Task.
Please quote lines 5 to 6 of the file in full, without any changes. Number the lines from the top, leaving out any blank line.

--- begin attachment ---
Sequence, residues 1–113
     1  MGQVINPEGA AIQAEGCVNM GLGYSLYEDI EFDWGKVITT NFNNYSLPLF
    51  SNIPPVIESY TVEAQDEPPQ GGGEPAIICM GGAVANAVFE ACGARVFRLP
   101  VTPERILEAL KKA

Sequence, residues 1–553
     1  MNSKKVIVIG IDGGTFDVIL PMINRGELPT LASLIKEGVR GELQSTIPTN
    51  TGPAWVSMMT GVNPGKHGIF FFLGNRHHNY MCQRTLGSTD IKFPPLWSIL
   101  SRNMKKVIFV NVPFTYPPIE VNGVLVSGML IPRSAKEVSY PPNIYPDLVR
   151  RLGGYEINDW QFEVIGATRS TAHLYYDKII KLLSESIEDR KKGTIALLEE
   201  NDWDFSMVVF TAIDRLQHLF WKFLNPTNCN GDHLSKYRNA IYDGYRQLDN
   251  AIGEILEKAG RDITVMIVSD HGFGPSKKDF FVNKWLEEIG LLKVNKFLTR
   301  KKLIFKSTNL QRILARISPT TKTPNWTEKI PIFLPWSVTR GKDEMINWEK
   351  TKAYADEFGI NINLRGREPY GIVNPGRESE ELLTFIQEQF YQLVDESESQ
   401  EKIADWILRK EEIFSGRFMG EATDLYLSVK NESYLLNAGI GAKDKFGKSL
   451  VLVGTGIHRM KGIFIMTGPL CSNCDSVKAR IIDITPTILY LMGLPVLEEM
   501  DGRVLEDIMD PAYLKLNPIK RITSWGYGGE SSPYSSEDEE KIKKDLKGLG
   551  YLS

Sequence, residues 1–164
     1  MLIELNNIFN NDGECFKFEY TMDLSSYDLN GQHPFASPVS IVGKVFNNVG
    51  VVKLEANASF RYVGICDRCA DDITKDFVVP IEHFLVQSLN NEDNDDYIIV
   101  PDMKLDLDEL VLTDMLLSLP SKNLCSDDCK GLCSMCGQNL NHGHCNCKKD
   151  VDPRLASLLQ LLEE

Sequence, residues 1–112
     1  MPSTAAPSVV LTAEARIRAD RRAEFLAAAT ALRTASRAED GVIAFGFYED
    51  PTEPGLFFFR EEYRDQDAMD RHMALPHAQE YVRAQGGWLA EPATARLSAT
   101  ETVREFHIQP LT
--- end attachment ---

Sequence, residues 1–553
     1  MNSKKVIVIG IDGGTFDVIL PMINRGELPT LASLIKEGVR GELQSTIPTN